Am I in Amalfi? - Da Alberto's in the 16th for Pizza
The gold standard that I use to measure pizza is a little place in Amalfi, Italy called Ristorante Pizzeria il Teatro. Tucked away in one of those narrow Italian passages, it turns out some heavenly pizza that spoils you for all other pizza. When Stéphane and I stopped by on a third consecutive night to order take-out pizzas to eat on the beach a few years ago, we asked the owner the secret to his amazing pizza. Evidently, other Il Teatro pizza addicts had asked him this question before because he patiently explained that pizza made in other parts of the world will never equal real Italian pizza because the primary ingredients for the crust, the water and the flour, aren't the same as in Italy. He must be right because few pizza crusts have ever managed to even come close to that of Il Teatro's.
Nevertheless, I'm always willing to continue my quest for good pizza, so I readily agreed to try a restaurant that one of Stèphane's Italian colleagues declared to be the only real Italian restaurant in Paris. I'm glad that we're still not on the Parisian schedule for dinner because the restaurant wasn't full when we arrived around 7:30 p.m. on Saturday evening, which made it easier to take pictures of the man, whom I'm going to refer to as Alberto, in action. Most of the other diners were regulars who joined in with jokes and witty repartee when Alberto told me that I had to be sure to get the Italian picture that was hanging on the wall and the fresh basil in the photo to prove that he is a real Italian and not some sort of French-Italian hybrid. By the time that Alberto told me that he was going to make my pizza on a heart-shaped crust, I was under the spell of his winning ways and his Italian charm. I just hoped that the pizza would be as good as his banter.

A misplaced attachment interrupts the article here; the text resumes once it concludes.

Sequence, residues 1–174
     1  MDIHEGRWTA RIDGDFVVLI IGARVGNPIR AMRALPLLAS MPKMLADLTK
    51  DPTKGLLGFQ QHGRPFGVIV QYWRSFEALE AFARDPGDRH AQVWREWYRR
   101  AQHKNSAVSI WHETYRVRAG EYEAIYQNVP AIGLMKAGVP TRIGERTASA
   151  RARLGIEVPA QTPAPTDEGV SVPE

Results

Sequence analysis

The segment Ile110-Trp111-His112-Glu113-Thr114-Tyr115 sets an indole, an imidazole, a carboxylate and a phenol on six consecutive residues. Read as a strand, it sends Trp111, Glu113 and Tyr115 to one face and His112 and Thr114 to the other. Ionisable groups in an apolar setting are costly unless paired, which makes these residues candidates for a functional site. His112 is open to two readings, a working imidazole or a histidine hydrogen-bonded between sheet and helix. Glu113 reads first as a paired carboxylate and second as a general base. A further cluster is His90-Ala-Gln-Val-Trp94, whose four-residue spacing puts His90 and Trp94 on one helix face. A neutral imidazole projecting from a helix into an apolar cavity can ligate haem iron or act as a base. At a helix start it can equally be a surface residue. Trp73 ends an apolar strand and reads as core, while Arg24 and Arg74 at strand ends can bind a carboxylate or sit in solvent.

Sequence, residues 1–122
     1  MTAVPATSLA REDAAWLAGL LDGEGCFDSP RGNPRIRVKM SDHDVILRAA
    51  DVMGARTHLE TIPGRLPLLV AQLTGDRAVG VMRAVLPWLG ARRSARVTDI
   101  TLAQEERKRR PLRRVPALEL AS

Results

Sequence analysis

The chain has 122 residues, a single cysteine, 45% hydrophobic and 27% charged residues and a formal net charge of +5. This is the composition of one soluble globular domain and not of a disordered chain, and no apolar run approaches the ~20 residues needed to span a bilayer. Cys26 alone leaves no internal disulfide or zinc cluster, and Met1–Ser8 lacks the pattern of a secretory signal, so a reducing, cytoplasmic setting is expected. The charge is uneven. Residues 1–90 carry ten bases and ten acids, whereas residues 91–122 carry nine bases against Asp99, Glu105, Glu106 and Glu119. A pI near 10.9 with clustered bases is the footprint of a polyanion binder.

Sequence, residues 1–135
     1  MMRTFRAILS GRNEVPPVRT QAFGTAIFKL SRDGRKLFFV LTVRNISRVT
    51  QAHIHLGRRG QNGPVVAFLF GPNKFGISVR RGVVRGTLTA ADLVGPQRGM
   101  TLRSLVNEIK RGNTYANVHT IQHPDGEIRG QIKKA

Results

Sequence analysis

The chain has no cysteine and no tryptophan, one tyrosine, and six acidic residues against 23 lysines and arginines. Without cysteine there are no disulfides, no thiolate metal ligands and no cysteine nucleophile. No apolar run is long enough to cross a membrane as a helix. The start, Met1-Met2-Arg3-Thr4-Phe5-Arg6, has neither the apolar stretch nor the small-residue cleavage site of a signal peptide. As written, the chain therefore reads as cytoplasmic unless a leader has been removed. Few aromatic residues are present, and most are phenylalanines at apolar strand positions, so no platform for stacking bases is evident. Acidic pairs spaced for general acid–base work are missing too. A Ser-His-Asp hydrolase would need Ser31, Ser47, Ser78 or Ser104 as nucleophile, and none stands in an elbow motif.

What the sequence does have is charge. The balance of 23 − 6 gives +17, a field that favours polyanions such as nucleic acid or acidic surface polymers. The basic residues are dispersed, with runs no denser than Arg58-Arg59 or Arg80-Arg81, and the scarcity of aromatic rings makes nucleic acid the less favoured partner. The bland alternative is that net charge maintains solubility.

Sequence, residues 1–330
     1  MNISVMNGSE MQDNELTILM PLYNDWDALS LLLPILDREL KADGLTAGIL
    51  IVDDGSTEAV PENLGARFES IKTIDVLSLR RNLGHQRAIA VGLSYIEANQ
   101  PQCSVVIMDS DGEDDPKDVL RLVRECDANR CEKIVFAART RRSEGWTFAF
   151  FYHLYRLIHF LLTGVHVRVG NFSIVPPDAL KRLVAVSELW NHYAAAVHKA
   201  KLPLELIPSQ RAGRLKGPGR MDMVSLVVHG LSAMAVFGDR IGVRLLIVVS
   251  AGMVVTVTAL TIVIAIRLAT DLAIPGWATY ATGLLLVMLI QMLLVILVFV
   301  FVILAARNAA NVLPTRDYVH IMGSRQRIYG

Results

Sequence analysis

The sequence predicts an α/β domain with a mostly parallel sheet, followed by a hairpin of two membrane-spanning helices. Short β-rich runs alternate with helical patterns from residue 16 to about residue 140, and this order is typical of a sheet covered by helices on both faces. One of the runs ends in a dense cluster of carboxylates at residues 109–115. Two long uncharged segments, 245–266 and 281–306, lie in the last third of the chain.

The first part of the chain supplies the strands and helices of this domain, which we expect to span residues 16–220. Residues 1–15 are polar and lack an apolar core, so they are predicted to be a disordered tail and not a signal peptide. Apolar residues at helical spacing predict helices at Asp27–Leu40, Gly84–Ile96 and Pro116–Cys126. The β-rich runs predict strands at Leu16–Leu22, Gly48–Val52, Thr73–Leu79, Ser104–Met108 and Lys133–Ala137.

Stéphane and I started with some fried calamari that was lightly battered and cooked to perfection. The word for calamari in Indonesian is pronounced chumi-chumi, which is what it feels like in your mouth if it is poorly cooked and rubbery. Fortunately, this wasn't the case. I was a bit worried when my pizza arrived that I wouldn't be able to fully appreciate it after the calamari, but the crust was light and the toppings were fresh. Somehow, without having the water and flour of Italy at his disposal, Alberto came pretty darn close to matching the illusive Il Teatro pizza. Admittedly, I haven't had the opportunity to try all of the Italian restaurants in Paris, but for the time being I'm ready to agree with Stephane's Italian colleague. Oh, I almost forgot to mention that while Stéphane's penne al arrabiata was good, my pizza was the star of the evening.
Calamari Fritti €17
Pizza Italia €15
Penne al'Arrabiata €12
Ristorante Da Alberto
5 Rue Isabey
Metro: Michel-Ange Auteuil or Porte d'Auteuil
In honor of some tasty pizza, here's a YouTube clip of one of my favorite Italian songs, L'Italiano. If you haven't heard it before, please listen to it because it's one of those songs that transports you to Italy. Bon voyage!